A professor in Princeton University did an experiment which is called "Candle Problem".
In Candle Problem, people are given a candle and tacks in a receptacle and a lighter.
Then, they have to light a candle not to get the wax dripped onto a table.
The solution is to put the candle on a receptacle and fix it on a wall with tacks.
But people often take 5 or 10 minutes to solve the problem, because in the receptacle, there are tacks, and they tend to consider it as a receptacle for tacks and don't use it for a receptacle for the wax.
He gathered students and divided them into 2groups.
He said to the first group like this:
"I want to time you and know the average time for typical people to take to solve this problem."
He also said to the other one like this:
"I'm gonna give you 10 dollars if you are in the top 25 percent of the fastest times, and you get 50 dollars if you are the fastest of everyone."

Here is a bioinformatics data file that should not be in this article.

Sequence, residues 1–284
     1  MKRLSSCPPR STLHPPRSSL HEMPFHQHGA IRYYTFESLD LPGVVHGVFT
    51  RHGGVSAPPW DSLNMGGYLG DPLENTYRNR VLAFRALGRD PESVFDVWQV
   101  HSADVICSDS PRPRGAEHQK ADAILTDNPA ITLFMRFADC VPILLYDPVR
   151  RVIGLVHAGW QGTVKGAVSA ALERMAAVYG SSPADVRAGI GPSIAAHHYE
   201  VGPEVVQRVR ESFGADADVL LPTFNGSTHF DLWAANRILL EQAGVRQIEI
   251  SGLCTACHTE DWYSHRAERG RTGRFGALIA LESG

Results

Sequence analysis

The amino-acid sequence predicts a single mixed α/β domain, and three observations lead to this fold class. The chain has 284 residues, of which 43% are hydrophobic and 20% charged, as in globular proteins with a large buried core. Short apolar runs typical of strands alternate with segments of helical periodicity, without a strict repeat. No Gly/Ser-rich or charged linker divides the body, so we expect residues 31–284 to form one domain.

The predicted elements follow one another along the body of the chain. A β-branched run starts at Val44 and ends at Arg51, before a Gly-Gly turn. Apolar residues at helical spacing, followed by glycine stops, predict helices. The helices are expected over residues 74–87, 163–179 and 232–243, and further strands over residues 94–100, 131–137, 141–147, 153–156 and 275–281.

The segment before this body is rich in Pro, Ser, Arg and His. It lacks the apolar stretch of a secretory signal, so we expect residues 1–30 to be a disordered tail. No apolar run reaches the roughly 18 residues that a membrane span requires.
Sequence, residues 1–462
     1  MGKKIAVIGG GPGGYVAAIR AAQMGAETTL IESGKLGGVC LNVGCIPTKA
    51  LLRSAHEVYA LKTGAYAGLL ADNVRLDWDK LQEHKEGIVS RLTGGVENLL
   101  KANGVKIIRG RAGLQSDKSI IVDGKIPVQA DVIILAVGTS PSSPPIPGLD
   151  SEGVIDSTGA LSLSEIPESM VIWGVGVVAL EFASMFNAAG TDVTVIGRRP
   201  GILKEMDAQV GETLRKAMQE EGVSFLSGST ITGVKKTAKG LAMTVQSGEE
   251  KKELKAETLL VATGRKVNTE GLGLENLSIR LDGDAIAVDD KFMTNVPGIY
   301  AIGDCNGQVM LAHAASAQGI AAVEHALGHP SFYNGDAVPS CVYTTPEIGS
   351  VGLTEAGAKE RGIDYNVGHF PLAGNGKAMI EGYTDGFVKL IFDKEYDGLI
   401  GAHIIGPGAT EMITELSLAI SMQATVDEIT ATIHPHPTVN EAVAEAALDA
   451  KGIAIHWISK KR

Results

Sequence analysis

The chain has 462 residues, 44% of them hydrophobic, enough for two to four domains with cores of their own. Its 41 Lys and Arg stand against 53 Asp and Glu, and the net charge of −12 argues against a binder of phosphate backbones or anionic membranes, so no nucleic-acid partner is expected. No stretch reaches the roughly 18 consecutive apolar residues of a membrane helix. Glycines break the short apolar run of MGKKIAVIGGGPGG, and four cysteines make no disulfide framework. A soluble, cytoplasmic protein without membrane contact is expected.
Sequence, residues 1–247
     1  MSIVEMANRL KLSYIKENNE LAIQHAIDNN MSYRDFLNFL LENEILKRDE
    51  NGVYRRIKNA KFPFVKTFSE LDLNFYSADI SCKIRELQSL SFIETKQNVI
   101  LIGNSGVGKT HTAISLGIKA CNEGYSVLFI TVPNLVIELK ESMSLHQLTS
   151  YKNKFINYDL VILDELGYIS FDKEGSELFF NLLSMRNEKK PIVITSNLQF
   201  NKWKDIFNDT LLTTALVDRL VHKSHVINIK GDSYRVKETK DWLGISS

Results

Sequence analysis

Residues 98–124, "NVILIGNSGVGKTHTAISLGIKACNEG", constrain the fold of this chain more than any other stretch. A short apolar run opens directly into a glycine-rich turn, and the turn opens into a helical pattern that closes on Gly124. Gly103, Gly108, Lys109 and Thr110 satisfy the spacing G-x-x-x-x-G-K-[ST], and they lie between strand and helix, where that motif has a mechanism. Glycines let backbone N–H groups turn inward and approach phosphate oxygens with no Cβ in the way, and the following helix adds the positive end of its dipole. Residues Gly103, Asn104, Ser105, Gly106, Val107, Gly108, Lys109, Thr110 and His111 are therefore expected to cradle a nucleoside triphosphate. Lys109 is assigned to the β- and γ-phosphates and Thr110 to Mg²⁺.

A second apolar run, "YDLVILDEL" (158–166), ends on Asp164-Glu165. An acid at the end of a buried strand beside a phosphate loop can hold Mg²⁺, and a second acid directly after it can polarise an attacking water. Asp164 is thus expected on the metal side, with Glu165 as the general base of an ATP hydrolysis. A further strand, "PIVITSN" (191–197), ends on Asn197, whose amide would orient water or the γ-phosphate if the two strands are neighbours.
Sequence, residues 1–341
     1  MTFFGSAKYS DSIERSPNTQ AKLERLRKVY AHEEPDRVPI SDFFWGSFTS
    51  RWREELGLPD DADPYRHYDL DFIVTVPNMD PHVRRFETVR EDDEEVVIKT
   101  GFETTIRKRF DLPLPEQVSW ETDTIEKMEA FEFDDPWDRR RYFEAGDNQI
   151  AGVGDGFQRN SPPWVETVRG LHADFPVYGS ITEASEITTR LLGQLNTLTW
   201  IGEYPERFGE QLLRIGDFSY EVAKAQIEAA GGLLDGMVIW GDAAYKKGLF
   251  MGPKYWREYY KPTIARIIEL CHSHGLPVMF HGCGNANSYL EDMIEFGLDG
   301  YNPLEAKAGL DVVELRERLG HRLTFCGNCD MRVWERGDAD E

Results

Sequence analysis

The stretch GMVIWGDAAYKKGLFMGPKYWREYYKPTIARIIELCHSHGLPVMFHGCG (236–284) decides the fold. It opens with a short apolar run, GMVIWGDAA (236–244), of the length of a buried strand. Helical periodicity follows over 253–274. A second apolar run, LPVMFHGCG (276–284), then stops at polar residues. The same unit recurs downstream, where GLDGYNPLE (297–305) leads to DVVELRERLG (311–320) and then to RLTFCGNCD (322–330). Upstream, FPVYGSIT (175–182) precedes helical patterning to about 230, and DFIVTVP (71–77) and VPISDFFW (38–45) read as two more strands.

The result of the experiment is, against what most people might expect, that the average time of the second group is 3 minutes longer than the first one.
It wasn't an accident. It has replicated for 40 years.
It shows that extrinsic motivators, which most companies give to their workers, doesn't work better than intrinsic motivators.
It shows clearly that there is a mismatch between what science knows and what business does, and it's time to rethink about it.
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I'll show you the power of incentives. A professor in Princeton University did an experiment which is called "Candle Problem". In Candle Problem, people are given a candle and tacks in a receptacle and a lighter. Then, they have to light a candle not to get the wax dripped onto a table. The sol